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    Monday, August 21, 2017

    Two Apps That Can Aid Your Memory

    One of the good things about smartphones is that being always at hand you can use them for almost anything, including improving your health and your skills.
    In this entry we’ll take a look at a couple of really helpful and interesting iOS and Android apps that can help you improve your brain and memory skills in short bursts of time without you having to spend a dime.
    There is no shortage of mindfulness and meditation apps these days, that can help you combat anxiety, sleep better, hone your focus, and more. The following are two of the most popular, educational, and easy-to-use mindfulness apps that are available free.

    Insight Timer
    Available for iOS and Android
    Insight Timer is one of the most popular free meditation apps out there, and it is easy to see why. The app features more than 4,000 guided meditations from over 1,000 teachers—on topics like self-compassion, nature, and stress—plus talks and podcasts. If you prefer a quieter meditation, you can always set a timer and meditate to intermittent bells or calming ambient noise.
    Right from the beginning, the app feels like a community; the home screen announces, “3,045 meditating right now / Home to 1,754,800 meditators.” After you finish a meditation, you’ll learn exactly how many people were meditating “with you” during that time; by setting your location, you can even see meditators nearby and what they’re listening to.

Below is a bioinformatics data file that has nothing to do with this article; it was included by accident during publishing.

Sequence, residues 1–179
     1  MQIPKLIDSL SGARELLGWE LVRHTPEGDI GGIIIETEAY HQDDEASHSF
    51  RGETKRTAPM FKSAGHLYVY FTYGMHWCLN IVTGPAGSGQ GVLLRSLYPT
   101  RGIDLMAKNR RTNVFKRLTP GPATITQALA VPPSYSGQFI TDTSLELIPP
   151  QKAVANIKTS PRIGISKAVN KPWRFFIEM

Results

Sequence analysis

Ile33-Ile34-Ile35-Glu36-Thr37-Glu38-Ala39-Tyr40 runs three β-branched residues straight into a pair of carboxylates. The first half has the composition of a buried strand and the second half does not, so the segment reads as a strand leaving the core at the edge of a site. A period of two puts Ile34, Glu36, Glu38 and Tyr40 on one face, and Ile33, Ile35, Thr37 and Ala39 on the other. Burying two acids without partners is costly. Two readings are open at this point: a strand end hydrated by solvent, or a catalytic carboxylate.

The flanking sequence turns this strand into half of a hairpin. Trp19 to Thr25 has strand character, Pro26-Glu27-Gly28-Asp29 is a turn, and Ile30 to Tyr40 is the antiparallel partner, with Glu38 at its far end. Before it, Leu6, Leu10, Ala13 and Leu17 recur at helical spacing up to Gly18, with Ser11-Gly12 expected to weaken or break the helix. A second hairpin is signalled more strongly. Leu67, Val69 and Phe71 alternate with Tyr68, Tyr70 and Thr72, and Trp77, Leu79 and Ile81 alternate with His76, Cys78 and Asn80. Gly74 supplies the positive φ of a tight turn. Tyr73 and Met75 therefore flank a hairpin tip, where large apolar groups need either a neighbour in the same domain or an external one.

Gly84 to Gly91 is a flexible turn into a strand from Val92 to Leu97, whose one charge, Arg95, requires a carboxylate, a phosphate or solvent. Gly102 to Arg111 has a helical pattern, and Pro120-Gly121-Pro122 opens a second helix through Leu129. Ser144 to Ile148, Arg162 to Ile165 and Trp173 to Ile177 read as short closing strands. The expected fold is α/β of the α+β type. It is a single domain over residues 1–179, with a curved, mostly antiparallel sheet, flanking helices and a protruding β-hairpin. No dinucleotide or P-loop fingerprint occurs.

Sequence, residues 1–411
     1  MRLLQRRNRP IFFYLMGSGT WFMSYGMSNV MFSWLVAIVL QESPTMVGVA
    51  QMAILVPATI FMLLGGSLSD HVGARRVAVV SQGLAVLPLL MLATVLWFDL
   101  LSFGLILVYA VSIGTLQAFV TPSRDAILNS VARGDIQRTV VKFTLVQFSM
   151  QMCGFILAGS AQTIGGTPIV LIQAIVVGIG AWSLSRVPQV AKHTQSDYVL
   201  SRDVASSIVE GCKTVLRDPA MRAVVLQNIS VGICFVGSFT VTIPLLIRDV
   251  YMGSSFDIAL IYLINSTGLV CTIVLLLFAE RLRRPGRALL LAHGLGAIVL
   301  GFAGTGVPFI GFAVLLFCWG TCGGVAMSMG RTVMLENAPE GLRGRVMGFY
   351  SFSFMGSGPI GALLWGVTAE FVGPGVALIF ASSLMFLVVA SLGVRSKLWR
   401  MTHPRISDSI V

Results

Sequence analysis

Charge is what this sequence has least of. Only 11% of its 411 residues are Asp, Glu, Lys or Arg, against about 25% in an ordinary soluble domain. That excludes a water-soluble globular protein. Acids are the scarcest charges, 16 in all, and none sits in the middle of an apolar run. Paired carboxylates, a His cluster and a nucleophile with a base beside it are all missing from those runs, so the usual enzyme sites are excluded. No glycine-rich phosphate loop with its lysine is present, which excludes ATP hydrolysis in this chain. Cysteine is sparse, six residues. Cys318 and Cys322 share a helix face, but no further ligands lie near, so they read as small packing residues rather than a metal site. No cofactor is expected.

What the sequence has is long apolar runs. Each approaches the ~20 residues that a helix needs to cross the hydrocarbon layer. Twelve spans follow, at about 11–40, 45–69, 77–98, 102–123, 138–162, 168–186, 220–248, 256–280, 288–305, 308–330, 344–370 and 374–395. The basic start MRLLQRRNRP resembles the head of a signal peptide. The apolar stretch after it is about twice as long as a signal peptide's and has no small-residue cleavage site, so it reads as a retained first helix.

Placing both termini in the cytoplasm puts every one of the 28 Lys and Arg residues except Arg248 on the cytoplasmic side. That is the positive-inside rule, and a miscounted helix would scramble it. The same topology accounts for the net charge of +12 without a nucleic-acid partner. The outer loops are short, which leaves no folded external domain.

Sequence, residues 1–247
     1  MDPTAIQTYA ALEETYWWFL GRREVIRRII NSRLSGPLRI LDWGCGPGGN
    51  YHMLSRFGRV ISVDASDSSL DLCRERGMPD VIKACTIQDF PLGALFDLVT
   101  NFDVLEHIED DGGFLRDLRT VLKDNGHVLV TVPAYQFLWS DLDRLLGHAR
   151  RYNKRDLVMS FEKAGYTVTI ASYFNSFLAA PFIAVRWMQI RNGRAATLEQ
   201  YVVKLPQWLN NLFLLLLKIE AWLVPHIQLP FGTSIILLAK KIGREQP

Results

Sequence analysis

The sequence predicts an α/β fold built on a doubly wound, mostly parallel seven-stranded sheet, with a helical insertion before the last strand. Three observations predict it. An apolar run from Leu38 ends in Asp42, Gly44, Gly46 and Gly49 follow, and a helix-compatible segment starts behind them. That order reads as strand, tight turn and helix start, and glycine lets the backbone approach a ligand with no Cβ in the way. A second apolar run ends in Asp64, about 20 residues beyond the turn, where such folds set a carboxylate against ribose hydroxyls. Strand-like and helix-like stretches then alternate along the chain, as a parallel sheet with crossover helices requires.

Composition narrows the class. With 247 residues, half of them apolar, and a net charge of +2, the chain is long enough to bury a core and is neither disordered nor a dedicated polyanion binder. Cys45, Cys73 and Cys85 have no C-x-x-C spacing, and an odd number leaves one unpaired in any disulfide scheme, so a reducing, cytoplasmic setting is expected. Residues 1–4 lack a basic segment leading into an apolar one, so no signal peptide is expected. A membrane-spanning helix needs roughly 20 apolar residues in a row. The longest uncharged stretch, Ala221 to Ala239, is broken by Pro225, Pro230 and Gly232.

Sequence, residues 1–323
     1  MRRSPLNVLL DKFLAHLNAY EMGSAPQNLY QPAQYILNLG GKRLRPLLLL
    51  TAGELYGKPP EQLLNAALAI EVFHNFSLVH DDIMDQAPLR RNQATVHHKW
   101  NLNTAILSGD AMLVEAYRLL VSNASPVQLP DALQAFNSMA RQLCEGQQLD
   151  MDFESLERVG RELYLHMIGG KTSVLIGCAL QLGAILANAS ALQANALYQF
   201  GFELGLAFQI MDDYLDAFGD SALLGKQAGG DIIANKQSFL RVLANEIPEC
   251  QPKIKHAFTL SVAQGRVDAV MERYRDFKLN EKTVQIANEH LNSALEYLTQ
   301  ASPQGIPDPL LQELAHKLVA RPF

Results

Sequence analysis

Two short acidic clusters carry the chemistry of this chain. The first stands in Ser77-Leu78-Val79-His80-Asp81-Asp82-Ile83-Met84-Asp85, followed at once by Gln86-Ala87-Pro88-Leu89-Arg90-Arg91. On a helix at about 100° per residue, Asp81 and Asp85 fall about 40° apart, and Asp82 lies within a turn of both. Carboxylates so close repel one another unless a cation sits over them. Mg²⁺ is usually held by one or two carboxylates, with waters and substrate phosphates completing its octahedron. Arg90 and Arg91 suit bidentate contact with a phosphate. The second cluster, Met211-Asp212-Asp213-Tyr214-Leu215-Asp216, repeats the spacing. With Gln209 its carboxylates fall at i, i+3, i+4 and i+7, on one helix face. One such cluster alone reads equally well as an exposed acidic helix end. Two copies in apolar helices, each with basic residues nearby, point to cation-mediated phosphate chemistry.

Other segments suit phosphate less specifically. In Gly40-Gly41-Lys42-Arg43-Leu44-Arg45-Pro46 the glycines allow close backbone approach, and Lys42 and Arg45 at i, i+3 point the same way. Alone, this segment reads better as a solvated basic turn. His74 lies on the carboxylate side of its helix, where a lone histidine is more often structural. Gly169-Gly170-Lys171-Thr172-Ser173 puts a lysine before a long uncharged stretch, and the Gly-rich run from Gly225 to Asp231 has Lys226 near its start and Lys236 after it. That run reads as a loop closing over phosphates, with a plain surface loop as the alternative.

Despite its extensive collection, Insight Timer doesn’t show you a list of teachers—which would be helpful, especially since they feature experts like Jack Kornfield, Tara Brach, and Sharon Salzberg. And Insight Timer doesn’t recommend step-by-step sequences of meditations to follow; it’s more like a buffet. But these drawbacks hardly matter in the face of all the tempting choices.

    Available for iOS and Android
    Aura is a meditation app with a simple premise: Every day, you get a new, personalised, three-minute meditation. The same meditation never repeats; according to cofounder Daniel Lee, Aura’s teachers are constantly recording new tracks.
    To personalise the experience, Aura initially asks about your age and how stressed, optimistic, and interested in mindfulness you are. The daily meditation that appears also depends on your mood: If you’re feeling great, Aura might suggest “Your Brilliant Heart;” select stressed, and you might get “You Have the Power.” If you like the day’s meditation, you can save it to your library for later listening.

    Aura claims to target stress, anxiety, and depression. If a short meditation isn’t enough, you can also listen to relaxing sounds or try their Mindful Breather feature, where you synchronize your breath to an animated circle that gently expands and contracts—surprisingly effective. The home screen encourages you to jot down something you’re grateful for, another tool for well-being.
    Aura is straightforward and sparse, but that is part of the beauty. Particularly if you are just getting started, or you don’t have lots of time to meditate, the simplicity of one meditation a day could be just what you need.
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